How putting her kids first led this Lebanese entrepreneur to launch a startup

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Life’s daily struggles make it easy to forget how hard it is to be a mother, let alone a working one. Lebanese Ingrid Salloum, like many other working moms who have to choose between work and family, opted to leave a good job to stay home with her kids. While that decision may spell the end for many professional women’s careers, Salloum decided to make her stay at home… more entrepreneurial. 

With a Master’s degree in Financial Economics from the American University of Beirut, Salloum took a job at Lebanese bank Credit Libanais Bank as a financial analyst, then as a project manager at the United Nations Development Program. In 2007, she moved to Cisco where she was involved in the educational field. There, she managed the implementation of an online education initiative. “It was all under Corporate Social Responsibility,” she said during a call. “I loved this field [education]. You see the impact of what you can do.” After working for five years at Cisco, she quit her job. “Then I became a mom,” she said passionately.

… Then I became a mom

“I wanted to stay with them [her kids]. I wanted to stay involved and in Lebanon, very few companies support [working] moms.”

At home, she observed every single detail of her kids’ routine. Salloum noticed how easily distracted they can get after they come home from school and how hard it is to make them read books instead of watching television. So she decided to build a solution that will provide them with something fun, beneficial and educational. “At this age [she has a 3-year-old boy and a 1-year-old girl], you can really impact the habits of the kids.”  

Her solution was Create My Book, a tool that allows parents to make personalized books and stories for their kids by changing the characters’ names to the kids’ and making them the hero of the story. “The idea is to encourage reading at the early stage, from 1 to 11 years.” Create My Book is founded under the idea that once the story is about the kid, he or she will love to read it,” she said.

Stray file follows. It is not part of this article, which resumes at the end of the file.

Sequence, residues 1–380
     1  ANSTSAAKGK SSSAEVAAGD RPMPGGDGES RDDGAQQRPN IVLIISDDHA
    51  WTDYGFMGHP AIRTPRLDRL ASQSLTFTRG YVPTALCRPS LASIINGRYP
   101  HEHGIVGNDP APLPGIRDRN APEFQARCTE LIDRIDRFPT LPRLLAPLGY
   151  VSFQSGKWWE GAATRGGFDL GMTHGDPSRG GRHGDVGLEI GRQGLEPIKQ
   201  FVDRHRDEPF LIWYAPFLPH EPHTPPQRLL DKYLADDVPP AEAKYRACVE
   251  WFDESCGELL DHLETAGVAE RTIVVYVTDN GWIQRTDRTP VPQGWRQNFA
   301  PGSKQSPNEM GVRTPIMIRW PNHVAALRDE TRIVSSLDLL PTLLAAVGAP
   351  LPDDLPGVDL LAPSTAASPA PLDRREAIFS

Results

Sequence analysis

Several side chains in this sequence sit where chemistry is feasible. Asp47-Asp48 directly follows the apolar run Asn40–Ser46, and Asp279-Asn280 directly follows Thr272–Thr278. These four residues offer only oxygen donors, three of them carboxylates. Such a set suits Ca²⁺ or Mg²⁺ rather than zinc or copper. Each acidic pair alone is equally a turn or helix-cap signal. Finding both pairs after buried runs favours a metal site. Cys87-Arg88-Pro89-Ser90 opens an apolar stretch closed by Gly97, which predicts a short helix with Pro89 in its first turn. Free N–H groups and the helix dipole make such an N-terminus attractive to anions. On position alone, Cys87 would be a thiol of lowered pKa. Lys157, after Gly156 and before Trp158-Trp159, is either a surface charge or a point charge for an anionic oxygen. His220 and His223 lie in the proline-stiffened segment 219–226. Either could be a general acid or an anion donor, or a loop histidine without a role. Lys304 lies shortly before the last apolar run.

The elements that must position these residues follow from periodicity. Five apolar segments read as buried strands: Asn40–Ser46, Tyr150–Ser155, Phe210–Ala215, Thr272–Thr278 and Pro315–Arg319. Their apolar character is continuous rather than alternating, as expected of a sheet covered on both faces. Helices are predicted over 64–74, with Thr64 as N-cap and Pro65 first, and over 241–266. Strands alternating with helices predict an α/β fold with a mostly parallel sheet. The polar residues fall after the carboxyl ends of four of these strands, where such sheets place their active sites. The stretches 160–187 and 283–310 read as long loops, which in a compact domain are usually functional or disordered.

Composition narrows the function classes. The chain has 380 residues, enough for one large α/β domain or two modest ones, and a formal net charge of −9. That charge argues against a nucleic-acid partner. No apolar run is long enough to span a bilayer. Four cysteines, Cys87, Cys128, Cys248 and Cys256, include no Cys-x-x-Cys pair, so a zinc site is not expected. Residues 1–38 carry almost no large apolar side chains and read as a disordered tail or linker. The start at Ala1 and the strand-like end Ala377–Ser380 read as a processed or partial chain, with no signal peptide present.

By relying on bestselling books and adapting them, Create My Book makes the stories revolve around the kids. Salloum is working with a small editorial team in the U.S. to write local stories. 

Salloum launched the company just before December and began to break even after Christmas. Relying on personal investment, she managed to cover her costs and pay back the investment. “It was a great season,” she said. “We got many repeat customers.”

Parents can go to the website, check which story they want to buy and request to personalize it. Within 48 hours, the book should be ready and shipped through Liban Post and other companies. For now, Create My Book only supports cash on delivery but Salloum says she will accept online payment soon.

Businesses giving back to the community

Through its Give-A-Book-Program, Create My Book is encouraging companies to raise awareness of the importance of reading, and helping communities through books donations. Books donated by companies are distributed to local schools.

Create My Book is also supporting the Lebanese Food Bank – an NGO to fight hunger in the country - by donating one dollar each time a book is sold. “We are socially responsible towards the community we live in, and this cause is particularly important for us because hunger is caused by poverty and lack of education. Create My Book’s main goal is to encourage literacy.”

Salloum relied on Facebook, word of mouth and on Blog of the Boss to get the word out when she launched the company. 

Most recently, she partnered with Joué Club toy store to sell her books there. While some think working from home is as relaxing as sitting on a balcony and enjoying the sea view, the reality is different. Working from home, Salloum  schedules her work around kids’ schedules. “It’s very challenging. I have some time off in the morning [until noon] because my son is in school and my daughter would be sleeping,” she said. “I try to focus during that time. Then the afternoon is for the kids and at night, I work again.”

What advice does she have for mom entrepreneurs?

“I would tell them go for it. If you quit your job because of your kids, give it a try, you’ll learn how to organize things and you won’t lose anything. It’s an opportunity to try what you have lost to do,” she addressed mothers in general. As for women entrepreneurs, she advised them to turn their stay at home to a productive one and be positive.

Any mom entrepreneurs working from home to stay with their kids? We’d love to hear your challenges and advice! 

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